The question about the predictability of a successful course of study is extremely important for you as a student. Of course, you would like to know to what extent your personal skills and resources are sufficient to successfully complete the studies of your choice. This question also receives a lot of attention from the universities, as access to the various study programmes is sometimes limited, for example, due to full capacities and the increasing number of applicants at the same time.
Universities and students alike are interested in a process of admission to the respective degree programmes that is as fair as possible and valid in terms of academic success. Of course, the question of the ability to study is of interest here. The Abitur grade as the only admission criterion is becoming more and more criticised and is losing importance. Alternatives are, for example, general or subject-specific tests of study ability, selection interviews, relevant vocational qualifications or weighted individual grades of the Abitur according to the respective subjects.
It is true, however, that the grade of the university entrance qualification has the best predictive power with regard to the successful completion of a course of study in comparison to other selection instruments. (Hell, 2008) Selection discussions or interviews, for example, usually have a subjective character and are therefore less suitable for making statements about the probable success of a course of study. Tests for the ability to study have a similarly good prognostic power as the Abitur grade. However, the quality of predictability varies from subject to subject. The predictive power is particularly good for economics or natural sciences, for example, but less good for law. (cf. Hell, 2008) But why is the school leaving grade so meaningful?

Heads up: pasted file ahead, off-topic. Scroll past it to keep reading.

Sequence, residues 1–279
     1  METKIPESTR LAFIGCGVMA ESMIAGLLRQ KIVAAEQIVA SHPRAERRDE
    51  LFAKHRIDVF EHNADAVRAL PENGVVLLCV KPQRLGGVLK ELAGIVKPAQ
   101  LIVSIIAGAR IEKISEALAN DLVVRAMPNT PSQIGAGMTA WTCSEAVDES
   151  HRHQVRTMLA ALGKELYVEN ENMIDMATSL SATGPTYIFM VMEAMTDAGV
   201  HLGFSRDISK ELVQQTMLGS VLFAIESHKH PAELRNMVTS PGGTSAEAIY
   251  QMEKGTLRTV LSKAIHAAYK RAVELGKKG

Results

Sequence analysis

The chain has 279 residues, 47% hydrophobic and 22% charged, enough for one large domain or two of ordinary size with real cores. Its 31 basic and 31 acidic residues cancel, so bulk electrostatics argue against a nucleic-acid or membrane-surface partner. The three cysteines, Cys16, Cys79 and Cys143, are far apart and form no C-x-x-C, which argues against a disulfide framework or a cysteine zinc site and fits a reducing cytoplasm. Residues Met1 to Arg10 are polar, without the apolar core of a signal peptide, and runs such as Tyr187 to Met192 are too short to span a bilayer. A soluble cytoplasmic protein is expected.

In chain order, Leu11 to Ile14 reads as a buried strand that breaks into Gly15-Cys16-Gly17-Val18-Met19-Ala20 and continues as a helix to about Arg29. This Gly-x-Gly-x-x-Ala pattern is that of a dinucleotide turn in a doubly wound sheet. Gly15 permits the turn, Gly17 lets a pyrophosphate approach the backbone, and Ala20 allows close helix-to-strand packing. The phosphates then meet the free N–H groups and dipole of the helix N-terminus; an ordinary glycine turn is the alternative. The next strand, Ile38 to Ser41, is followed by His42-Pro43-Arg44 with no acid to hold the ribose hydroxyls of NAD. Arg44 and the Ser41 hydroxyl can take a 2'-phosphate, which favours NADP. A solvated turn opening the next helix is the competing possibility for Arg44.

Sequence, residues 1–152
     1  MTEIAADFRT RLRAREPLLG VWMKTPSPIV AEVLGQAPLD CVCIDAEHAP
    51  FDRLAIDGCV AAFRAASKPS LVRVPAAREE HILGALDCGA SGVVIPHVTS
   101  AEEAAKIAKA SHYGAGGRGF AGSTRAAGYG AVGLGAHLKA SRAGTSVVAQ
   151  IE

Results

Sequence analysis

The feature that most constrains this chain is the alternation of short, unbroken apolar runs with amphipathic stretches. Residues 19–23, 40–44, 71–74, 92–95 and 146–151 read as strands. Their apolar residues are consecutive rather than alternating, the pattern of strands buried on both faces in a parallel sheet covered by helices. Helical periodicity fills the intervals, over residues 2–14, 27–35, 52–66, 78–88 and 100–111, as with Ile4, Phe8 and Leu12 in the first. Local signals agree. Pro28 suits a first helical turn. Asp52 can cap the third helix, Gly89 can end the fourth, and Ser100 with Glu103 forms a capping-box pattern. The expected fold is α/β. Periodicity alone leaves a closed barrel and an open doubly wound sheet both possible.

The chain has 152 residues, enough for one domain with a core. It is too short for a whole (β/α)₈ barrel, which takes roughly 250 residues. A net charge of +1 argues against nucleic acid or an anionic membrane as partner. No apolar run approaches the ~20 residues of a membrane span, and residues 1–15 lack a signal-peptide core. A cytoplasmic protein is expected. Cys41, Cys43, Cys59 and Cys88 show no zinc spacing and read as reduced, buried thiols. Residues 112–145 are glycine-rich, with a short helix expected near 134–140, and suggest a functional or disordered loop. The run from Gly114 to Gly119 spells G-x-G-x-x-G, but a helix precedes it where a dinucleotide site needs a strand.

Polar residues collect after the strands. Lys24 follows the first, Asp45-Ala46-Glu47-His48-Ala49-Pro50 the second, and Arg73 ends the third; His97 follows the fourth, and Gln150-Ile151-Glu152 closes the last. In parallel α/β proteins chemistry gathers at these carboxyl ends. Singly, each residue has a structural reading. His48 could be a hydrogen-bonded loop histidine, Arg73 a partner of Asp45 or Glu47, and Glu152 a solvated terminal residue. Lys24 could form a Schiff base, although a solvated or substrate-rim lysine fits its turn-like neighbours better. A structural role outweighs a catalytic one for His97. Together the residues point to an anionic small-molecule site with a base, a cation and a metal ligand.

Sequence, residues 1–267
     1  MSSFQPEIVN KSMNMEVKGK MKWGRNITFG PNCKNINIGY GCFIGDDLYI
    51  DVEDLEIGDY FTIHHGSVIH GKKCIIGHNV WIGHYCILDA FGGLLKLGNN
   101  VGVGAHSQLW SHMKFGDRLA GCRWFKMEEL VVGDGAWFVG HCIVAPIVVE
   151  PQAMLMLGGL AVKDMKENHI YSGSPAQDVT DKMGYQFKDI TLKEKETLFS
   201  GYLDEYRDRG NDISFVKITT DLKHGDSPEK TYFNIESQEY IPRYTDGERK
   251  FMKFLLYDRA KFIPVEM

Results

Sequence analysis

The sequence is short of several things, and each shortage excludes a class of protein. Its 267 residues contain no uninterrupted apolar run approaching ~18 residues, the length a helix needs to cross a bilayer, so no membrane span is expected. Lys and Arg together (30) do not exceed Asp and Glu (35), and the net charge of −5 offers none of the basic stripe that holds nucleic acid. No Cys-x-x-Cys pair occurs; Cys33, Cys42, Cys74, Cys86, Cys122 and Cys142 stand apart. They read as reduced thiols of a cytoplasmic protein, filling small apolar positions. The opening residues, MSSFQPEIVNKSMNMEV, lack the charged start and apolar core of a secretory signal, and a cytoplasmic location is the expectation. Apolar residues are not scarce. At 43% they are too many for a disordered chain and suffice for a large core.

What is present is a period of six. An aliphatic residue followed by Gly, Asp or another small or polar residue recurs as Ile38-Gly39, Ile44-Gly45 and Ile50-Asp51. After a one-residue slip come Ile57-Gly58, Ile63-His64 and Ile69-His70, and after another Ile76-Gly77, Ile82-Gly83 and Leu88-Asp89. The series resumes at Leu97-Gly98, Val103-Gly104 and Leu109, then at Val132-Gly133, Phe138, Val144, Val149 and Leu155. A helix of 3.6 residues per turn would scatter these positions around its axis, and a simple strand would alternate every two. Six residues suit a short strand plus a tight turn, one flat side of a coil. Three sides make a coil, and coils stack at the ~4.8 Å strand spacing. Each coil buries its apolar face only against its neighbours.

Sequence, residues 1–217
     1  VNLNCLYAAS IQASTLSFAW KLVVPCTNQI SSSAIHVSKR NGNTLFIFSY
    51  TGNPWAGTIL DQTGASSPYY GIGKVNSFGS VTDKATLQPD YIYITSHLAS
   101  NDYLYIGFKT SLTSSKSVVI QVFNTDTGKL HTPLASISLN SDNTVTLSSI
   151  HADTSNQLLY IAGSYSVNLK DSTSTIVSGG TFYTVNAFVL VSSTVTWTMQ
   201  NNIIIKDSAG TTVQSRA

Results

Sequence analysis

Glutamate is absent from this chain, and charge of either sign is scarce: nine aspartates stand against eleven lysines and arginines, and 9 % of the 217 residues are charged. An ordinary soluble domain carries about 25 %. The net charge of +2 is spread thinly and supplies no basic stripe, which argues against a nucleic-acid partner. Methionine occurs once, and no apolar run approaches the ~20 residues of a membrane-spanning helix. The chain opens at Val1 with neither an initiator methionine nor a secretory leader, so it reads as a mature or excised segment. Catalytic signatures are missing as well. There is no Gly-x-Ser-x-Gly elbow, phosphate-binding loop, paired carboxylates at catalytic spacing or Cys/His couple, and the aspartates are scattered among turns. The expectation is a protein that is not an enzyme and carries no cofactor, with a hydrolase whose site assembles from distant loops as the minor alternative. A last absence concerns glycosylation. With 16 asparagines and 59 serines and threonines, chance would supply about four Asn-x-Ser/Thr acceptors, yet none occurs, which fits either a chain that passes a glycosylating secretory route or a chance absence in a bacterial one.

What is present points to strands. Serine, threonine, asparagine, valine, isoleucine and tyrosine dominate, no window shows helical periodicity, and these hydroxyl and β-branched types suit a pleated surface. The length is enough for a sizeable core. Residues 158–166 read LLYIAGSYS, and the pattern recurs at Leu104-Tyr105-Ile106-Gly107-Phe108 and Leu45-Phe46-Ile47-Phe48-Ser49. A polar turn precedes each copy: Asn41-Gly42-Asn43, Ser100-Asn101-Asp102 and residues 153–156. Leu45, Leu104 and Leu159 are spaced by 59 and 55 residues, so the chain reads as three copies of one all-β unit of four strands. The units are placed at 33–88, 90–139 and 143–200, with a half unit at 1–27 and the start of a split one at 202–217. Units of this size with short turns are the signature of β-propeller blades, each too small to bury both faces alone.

Validity of the Abitur mark
The Abitur grade is the result of a long-standing, organised and broadly based learning process. It not only represents the accumulated knowledge of a person at school, but also a whole range of personal qualities and abilities such as diligence, willingness to learn or motivation to perform, which are represented by it. Furthermore, the Abitur grade is not a single measurement that can be influenced by various factors such as the daily form, but rather the aggregation of numerous individual measurements taken by several assessors over several years in several examination modalities, oral as well as written. Furthermore, despite all the differences between school and university, their requirements are quite similar. The argument that school grades specific to (federal) states are not valid admission instruments due to their comparability is considered invalid. Moreover, the German Abitur grades are particularly meaningful in a European comparison. (cf. Hell, 2008)
However, it is also the case that the combination of different selection instruments is better than using just one. In particular, the combination of the Abitur grade and the test of ability to study seems relatively valid. However, a good Abitur is no guarantee that you will master your studies effortlessly. However, if you trust in your abilities and are able to use them purposefully for yourself, you will also achieve your goals in the long term. There are personal qualities and abilities which are particularly important and whose knowledge is not insignificant.